Since the creation of the DC Mayor’s Office of Migrant Services (OMS) in September 2022, the response at Union Station and other intake points has become more coordinated. But now, we’re seeing more individuals who wish to make DC their permanent home. Word has gotten out about our community’s services; many migrants have traveled here separate of any busing efforts. Ayuda’s case managers and attorneys concur: The need for long-term support is urgent.
“People are living in motels,” Sippola notes. “There are [Ayuda] clients that have been living there almost a year now…and they have no way of leaving.”
Direct financial assistance goes a long way, too. Many of these migrants qualify for work permits but can’t secure their ticket to legal employment because of the $500 application fee. This particularly concerns Sippola, who has encountered several recently bused individuals being exploited for labor.
Demand for legal services has also shifted toward the long-haul. Since April 2022, Ayuda Staff Attorney/Equal Justice America Fellow Julia Rigal has been spearheading our legal orientations for newly arrived migrants. She’s noticed that the busing has slowed, but need for legal support has only grown. Ayuda and other nonprofits offer legal consultations that help people understand the basics of their immigration case, but there’s an urgent demand for pro bono attorneys to directly take on individual cases.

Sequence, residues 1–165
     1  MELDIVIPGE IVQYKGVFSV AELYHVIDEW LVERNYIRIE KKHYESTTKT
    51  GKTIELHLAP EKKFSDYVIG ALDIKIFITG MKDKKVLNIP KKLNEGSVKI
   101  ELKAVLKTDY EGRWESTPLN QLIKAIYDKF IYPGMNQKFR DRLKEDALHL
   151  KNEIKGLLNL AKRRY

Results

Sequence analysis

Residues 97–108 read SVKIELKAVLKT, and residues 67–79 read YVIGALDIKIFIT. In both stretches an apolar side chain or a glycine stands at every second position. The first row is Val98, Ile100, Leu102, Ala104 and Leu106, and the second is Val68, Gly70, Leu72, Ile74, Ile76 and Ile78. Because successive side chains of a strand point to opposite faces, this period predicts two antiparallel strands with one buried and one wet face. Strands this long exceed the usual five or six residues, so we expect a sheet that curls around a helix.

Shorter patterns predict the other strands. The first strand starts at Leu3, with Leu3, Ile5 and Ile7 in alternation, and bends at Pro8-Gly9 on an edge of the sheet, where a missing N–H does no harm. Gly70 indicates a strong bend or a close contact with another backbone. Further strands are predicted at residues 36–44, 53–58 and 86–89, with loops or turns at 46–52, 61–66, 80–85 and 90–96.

“Many of the families who remained in the DC area arrived over the summer,” explains Rigal, “There is now a GREAT need for assistance with filing asylum applications, which must be filed within one year of entering the U.S.”
NEED IS GREAT. TOGETHER, WE CAN MEET IT.
A common observation came up throughout all our conversations with Ayuda staff: The most noticeable change between a year ago and today is less media attention on recently bused migrants in DC.
According to Sippola, this reality is both good and bad. Migrants stepping off a bus at Union Station no longer contend with cameras and microphones being pushed in their face, when what they really need is a helping hand.
But less media attention means less funding for our work supporting newly arrived migrants. We were heartened by the outpouring of financial contributions from supporters big and small last summer. We know our incredible community responds when our immigrant neighbors need a helping hand. The need is still very much here; please remember that your support is still urgent.
“We need all hands on deck in this situation,” as Sippola puts it.
Just like in April 2022, we don’t know if or when the buses will stop bringing migrants to DC. Ayuda’s local government partners have advised us to prepare for a possible influx of migrants with the end of Title 42, so if anything, we anticipate the demand for our work will grow.
The only thing we know for sure is that Ayuda will be here doing what we do best: Giving a helping hand to as many newly arrived migrants and low-income immigrants as we can.
Ayuda’s Board of Directors will match up to $16,000 in donations made through May 31. Give now to DOUBLE your impact.
Email [email protected] if you would like to speak to one of Ayuda’s case managers or attorneys about our work supporting newly arrived migrants in D.C.